In re-reading my last few entries, I can see how far I’ve come since then; and I am so happy.
I was feeling depressed and hopeless, yet continued to see my therapist and attend my weight watchers meetings; all the while gaining weight. By late July, I was at my heaviest weight ever – a whopping 308 pounds. Holy crap!
In May, I was speaking with a friend and she mentioned she has been taking Zoloft for a little while now, and really noticed a difference in her anxiety levels and how she deals with stressful situations. So I mentioned it to Margaret (my therapist) and she thought Zoloft was a great idea. Not only would it help me deal with stress, it has also been shown to be helpful with weight loss. So I started taking it. It took about 6 weeks until I noticed any change, and about 4 months until I realized that I was dealing with my life differently. I had less anger at the little annoyances in my day, plus I didn’t get myself so worked up in stressful situations, allowing my behavior to get out of control. That is great, but I’m still not losing weight.
Finally one day in early August, I had determined that something had to change. I’ve been pursuing the same course of action without results for too long. I sat down on Margaret’s couch prepared to tell her that I think I should stop coming – at least for a while. When I sat down, Margaret said to me that this isn’t working. She suggested we try one more type of therapy and if that didn’t work, I should stop coming to see her. Wow, I’m so glad we both see that things aren’t working. It reinforces my belief that she is good at her job. So I said okay, I’m willing to try anything. What do you have in mind?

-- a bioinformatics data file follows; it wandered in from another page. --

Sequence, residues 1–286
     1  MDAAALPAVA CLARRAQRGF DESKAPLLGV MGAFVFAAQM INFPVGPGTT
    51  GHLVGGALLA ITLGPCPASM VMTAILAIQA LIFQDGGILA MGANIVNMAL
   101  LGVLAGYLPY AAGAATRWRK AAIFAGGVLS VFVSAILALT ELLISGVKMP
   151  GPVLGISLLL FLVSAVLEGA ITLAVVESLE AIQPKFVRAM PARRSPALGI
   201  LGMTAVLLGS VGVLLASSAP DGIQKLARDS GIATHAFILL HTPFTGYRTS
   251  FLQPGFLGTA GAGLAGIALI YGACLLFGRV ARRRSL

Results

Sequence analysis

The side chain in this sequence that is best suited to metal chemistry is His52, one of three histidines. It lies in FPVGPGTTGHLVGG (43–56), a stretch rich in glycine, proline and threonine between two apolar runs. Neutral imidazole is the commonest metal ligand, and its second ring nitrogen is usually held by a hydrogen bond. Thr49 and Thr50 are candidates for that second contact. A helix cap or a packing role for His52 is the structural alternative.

EMDR therapy. Margaret explained that this therapy was developed to treat PTSD, but has been shown to useful in treating other conditions, including compulsive eating. “Okay, I’m in!” And so we began. We started by establishing where I am today: what my problem (trauma) is, and then deciding where I want to be. I started with the statement “I make bad choices about food.” and decided where I want to be instead is “I love myself enough to always do what’s best for me.” Good stuff.
Then we started talking about my statement – I make bad choices about food. Margaret asked me how that makes me feel, and can I recall a situation where I made a bad choice. So what was different about this conversation and all the others? This time I was wearing headphones and holding sensors. Through the headphones I heard a beep in my left ear, then the right, then the left, etc. Back and forth a rhythmic tone in my ears, while simultaneously feeling a buzzing sensation in the companion hand. The conversation continued all the while a beep and buzz on the left, then the right, again and again. And when my recounting of a situation would become extremely emotional we would stop and examine those emotions from a distance. Interesting I thought, but how does it work? Apparently the tone flipping from the right to the left distracts the brain from making its usual neural connection and allows for the creation of a new, less harmful, one.
Does it work? Yes it does. How do I know? Well, not only do I feel less stress about food, but I fell less anxiety in general. Plus, and best of all, as of this morning I am down to 284. Woo Hoo! Finally, I am seeing some real results. And my whole attitude about food has shifted. I still have more to do, but this time there is a real difference in how I think about myself, my life, the world around me, and food. I’m very happy.